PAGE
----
The 1910 Diary of May Fitzsimmons: The story of a courtship, a hat factory, and the life of Irish immigrants in Orange, New Jersey
by Patricia Beynen
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In 1910 the world had changed. Irish girls in America no longer had to go into service at age 11 because there were too many mouths to feed at home, like May's mother did. Or they didn't have to emigrate to a whole new country in hopes of giving their children possibilities, like Peter's mother's story in Ireland.
Instead, they could live in Orange, New Jersey, living a life of family, jobs, church, prospects, and perhaps new love. They worked hard, pooled their money, lived together, shared triumphs, and sometimes tragedies.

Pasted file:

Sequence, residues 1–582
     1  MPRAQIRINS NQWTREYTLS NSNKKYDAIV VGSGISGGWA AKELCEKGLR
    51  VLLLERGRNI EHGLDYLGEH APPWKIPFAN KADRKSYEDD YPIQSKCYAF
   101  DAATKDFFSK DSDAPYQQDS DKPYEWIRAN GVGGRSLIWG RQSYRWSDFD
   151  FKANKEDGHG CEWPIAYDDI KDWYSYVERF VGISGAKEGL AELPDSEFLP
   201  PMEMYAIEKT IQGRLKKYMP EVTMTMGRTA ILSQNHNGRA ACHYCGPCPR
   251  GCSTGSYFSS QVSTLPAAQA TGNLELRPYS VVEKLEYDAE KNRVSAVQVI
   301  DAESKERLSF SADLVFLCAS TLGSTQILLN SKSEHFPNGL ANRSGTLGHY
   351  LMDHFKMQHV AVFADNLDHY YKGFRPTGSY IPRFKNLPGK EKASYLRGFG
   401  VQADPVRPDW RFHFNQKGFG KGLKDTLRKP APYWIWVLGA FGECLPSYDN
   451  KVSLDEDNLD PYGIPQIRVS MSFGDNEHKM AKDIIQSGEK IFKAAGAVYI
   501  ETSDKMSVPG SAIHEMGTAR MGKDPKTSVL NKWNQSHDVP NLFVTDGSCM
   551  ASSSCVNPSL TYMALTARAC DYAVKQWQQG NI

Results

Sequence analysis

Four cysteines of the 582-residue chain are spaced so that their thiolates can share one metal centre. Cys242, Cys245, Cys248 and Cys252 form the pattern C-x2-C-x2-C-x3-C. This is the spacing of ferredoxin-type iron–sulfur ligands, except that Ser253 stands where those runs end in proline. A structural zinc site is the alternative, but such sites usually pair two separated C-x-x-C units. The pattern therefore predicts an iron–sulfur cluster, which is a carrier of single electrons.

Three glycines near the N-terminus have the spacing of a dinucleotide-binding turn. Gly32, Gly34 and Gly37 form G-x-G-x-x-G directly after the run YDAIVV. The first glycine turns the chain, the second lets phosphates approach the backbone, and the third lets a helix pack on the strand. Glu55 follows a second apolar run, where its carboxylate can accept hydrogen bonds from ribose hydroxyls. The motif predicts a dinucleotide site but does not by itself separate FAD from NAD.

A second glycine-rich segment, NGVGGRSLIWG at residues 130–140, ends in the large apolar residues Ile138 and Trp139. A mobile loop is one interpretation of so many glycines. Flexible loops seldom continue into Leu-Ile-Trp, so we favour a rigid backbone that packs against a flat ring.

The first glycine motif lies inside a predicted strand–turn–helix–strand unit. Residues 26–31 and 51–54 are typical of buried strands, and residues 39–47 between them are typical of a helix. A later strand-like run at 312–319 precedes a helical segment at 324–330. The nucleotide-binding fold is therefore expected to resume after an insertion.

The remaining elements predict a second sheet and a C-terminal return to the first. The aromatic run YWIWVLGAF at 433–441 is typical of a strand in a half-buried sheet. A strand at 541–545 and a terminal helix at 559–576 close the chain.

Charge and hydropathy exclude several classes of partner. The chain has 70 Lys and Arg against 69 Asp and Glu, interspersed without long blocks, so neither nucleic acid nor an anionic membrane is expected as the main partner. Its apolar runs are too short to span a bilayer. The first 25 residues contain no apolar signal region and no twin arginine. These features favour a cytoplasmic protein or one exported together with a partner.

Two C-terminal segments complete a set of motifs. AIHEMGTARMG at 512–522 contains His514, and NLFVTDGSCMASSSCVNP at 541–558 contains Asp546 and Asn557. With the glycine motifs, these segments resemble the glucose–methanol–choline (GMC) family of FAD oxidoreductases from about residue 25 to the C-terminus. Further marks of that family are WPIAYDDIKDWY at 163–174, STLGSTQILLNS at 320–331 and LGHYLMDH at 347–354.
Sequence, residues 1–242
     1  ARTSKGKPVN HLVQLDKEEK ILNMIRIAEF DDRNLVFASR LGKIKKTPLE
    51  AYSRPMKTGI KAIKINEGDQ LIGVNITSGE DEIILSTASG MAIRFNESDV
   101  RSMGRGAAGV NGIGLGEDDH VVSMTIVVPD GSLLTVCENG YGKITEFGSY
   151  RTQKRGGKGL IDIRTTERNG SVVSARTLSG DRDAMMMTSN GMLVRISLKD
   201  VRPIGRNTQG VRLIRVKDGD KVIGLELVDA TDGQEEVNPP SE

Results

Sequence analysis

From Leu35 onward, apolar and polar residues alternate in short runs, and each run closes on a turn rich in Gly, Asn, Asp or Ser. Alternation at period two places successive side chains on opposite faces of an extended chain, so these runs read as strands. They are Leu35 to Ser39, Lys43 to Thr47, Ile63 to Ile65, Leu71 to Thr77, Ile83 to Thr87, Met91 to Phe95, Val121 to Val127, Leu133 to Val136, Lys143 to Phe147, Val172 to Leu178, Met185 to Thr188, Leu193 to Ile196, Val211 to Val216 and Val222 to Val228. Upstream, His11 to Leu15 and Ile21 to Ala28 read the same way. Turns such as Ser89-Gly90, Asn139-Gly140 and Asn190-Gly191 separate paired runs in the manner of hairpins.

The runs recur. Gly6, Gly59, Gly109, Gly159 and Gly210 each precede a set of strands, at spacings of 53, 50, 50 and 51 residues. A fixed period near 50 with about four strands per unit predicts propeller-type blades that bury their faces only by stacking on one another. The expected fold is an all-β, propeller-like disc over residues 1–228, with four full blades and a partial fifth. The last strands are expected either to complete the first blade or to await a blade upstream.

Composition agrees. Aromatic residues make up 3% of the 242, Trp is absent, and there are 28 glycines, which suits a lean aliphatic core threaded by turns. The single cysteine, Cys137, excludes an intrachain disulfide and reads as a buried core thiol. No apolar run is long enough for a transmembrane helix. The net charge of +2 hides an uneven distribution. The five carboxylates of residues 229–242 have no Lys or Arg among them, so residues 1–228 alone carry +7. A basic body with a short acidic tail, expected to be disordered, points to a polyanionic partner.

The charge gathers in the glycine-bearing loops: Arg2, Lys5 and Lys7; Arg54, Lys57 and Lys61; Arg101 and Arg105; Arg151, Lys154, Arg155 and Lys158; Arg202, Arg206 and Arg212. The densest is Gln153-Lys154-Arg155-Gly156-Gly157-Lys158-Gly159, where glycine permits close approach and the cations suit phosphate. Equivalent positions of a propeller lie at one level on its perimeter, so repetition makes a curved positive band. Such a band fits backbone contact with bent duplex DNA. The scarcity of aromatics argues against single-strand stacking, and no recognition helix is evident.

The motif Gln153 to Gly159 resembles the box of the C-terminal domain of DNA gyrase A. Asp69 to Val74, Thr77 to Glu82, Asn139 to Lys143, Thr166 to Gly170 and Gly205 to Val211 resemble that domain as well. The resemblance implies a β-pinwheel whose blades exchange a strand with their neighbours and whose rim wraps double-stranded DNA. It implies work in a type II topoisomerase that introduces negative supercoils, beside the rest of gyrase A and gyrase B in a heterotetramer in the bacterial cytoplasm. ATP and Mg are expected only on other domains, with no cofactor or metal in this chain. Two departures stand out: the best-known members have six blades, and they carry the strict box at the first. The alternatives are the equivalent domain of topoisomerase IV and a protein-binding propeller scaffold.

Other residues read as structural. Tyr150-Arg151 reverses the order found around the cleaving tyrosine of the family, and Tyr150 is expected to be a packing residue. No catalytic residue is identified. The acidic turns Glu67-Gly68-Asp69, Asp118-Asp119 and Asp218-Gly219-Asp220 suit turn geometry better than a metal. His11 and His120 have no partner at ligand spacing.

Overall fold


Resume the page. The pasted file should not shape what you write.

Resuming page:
That was the year that Peter courted May, he the oldest McBride boy, she the oldest Fitzsimmons girl. It was also the year of the Unions, the sickness, and the bosses at the No Name Hat Factory, where May worked trimming hats.
May's diary narrates her life, tells her secrets, and describes what a proper young Catholic girl should be thinking about, according to her priest.
Genre: Politics & Social Sciences
Length: 58 Pages (1,487 KB)Lending: Not EnabledAdded: Feb 27th, 2020